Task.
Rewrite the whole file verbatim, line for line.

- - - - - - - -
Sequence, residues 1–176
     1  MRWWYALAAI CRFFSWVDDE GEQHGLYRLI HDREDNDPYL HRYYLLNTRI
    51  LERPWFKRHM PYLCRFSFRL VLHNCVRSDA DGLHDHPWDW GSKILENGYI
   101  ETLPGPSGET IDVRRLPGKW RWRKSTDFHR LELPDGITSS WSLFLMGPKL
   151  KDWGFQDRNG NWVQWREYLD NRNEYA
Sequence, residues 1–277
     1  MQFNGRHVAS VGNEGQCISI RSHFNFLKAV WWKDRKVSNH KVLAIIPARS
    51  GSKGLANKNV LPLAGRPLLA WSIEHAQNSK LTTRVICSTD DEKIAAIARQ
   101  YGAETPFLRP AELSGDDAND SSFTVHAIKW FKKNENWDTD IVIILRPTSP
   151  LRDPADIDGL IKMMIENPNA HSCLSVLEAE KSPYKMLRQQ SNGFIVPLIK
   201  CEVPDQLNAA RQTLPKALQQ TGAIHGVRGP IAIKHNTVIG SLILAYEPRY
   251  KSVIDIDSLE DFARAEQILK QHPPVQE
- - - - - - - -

Sequence, residues 1–176
     1  MRWWYALAAI CRFFSWVDDE GEQHGLYRLI HDREDNDPYL HRYYLLNTRI
    51  LERPWFKRHM PYLCRFSFRL VLHNCVRSDA DGLHDHPWDW GSKILENGYI
   101  ETLPGPSGET IDVRRLPGKW RWRKSTDFHR LELPDGITSS WSLFLMGPKL
   151  KDWGFQDRNG NWVQWREYLD NRNEYA
Sequence, residues 1–277
     1  MQFNGRHVAS VGNEGQCISI RSHFNFLKAV WWKDRKVSNH KVLAIIPARS
    51  GSKGLANKNV LPLAGRPLLA WSIEHAQNSK LTTRVICSTD DEKIAAIARQ
   101  YGAETPFLRP AELSGDDAND SSFTVHAIKW FKKNENWDTD IVIILRPTSP
   151  LRDPADIDGL IKMMIENPNA HSCLSVLEAE KSPYKMLRQQ SNGFIVPLIK
   201  CEVPDQLNAA RQTLPKALQQ TGAIHGVRGP IAIKHNTVIG SLILAYEPRY
   251  KSVIDIDSLE DFARAEQILK QHPPVQE